Sermon Commentary for Sunday, April 28, 2024

1 John 4:7-21 Commentary

The New Testament uses some form of the Greek word agape (“love”) more than 140 times to describe both God and humans’ actions. But in few places does the Spirit inspire its writers to link God’s love to God’s people’s love more closely than in this Sunday’s Epistolary Lesson.

God’s dearly beloved people can hardly hear 1 John 4’s message about love without remembering what were among Jesus’ final words to his fearful disciples. “A new commandment I give to you,” he tells his friends in John 13:34-35, “Love one another. By this all men will know that you are my disciples, if you love one another.”

1 John 4:7-21’s echo of those words begins with “Dear friends [agapetoi]*, let us love one another [agapomen allelous], for love [agape] comes from God. Everyone who loves [agapon] has been born of [gegennetai] God, and knows [ginoskei] God” (7). While the apostle repeatedly calls his readers to love each other, here he reminds us that our love begins with God’s love. Before this Sunday’s Epistolary Lesson says anything else about love – and, let’s face it, it’s a lot else – it insists that love comes from God. Any love that God’s dearly beloved people show is rooted in produced by God.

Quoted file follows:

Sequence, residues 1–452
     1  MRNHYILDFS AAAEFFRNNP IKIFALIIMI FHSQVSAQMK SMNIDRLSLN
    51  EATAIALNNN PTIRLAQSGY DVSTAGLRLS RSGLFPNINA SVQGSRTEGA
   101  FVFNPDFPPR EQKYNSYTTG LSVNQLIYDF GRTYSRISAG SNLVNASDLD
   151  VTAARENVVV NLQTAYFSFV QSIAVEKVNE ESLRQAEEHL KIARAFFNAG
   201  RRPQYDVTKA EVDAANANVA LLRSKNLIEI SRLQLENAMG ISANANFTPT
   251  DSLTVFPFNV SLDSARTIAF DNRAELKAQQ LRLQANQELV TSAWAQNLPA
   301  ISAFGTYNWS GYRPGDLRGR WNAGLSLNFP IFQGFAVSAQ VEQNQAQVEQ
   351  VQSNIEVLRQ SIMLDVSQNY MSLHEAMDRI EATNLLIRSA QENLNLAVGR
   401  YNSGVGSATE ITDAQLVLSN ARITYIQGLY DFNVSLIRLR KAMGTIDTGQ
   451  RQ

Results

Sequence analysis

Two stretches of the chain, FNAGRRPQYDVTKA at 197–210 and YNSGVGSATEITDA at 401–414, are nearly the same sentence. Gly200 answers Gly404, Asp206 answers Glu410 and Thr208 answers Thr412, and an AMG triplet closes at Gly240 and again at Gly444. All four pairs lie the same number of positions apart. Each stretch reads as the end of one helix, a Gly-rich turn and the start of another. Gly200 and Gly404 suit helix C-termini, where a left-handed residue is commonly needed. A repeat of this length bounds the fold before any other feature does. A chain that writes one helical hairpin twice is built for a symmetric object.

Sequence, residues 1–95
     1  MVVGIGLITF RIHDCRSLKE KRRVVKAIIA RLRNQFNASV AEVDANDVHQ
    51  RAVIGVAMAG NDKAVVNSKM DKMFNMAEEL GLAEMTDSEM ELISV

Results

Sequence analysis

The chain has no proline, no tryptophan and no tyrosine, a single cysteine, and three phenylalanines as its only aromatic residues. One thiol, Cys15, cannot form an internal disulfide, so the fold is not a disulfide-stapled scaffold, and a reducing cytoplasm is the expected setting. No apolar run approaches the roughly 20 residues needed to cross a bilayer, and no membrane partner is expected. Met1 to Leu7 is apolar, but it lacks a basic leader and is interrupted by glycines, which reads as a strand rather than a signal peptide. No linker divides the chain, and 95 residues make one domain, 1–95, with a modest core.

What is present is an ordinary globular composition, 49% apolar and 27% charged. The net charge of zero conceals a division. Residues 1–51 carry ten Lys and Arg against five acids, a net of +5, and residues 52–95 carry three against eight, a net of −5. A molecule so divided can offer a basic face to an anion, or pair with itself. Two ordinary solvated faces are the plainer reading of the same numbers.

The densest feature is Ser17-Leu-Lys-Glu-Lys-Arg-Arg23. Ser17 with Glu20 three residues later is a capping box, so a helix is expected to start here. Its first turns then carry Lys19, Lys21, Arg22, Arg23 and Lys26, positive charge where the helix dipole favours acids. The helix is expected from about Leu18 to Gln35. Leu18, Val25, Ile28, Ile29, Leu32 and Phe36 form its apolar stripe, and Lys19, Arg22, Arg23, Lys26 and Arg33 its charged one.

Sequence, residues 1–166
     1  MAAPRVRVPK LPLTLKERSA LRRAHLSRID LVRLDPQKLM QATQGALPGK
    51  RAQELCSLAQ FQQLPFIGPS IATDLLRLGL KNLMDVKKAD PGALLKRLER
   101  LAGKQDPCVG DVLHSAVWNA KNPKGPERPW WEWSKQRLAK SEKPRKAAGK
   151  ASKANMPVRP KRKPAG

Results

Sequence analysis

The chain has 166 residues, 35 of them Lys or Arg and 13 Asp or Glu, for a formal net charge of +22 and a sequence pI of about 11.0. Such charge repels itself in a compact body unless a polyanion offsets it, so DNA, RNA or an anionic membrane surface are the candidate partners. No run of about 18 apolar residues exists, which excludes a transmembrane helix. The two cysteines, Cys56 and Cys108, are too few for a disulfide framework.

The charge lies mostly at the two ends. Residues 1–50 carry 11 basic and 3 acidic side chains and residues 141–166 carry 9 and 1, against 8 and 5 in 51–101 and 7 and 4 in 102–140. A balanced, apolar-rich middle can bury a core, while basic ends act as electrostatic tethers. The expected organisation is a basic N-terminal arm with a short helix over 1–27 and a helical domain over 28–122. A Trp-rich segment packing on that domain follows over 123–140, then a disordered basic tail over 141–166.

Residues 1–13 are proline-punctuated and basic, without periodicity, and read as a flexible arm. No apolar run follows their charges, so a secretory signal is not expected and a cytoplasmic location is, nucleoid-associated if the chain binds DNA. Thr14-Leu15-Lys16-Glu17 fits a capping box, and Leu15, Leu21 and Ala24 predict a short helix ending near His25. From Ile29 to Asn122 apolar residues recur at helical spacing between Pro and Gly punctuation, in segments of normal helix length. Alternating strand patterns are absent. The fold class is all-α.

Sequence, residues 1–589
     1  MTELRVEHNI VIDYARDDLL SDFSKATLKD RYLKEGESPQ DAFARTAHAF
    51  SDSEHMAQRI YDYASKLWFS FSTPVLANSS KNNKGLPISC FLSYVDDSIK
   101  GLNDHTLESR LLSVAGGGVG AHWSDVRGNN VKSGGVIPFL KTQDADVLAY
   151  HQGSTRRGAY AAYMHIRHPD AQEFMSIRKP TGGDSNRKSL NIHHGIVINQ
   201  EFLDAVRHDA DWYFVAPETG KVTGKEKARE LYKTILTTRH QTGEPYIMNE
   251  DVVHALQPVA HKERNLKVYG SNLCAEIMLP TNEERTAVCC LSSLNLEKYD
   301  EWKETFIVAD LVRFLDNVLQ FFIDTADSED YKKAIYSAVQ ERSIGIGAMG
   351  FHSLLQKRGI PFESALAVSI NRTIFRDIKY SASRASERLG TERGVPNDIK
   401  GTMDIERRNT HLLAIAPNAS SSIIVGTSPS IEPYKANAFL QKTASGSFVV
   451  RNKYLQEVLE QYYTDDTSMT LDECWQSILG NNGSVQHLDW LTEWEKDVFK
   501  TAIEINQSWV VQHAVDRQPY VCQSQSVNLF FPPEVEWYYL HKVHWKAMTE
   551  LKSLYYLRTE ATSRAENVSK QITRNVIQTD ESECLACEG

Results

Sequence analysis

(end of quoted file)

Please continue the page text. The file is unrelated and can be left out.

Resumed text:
In fact, in verse 10 the apostle insists, “This is love: not that we loved [egapekamen] God, but that he loved us.” In verse 19 he even goes on to assert that “We [Hemeis] love [agapomen] because [hoti] he first [protos] loved [egapesen] us.” God, in other words, didn’t respond to our love for God by loving us. In fact, the Scriptures insist that God’s dearly beloved people weren’t even interested in, much less seeking God’s love. God loves us first, even when we aren’t naturally particularly lovable.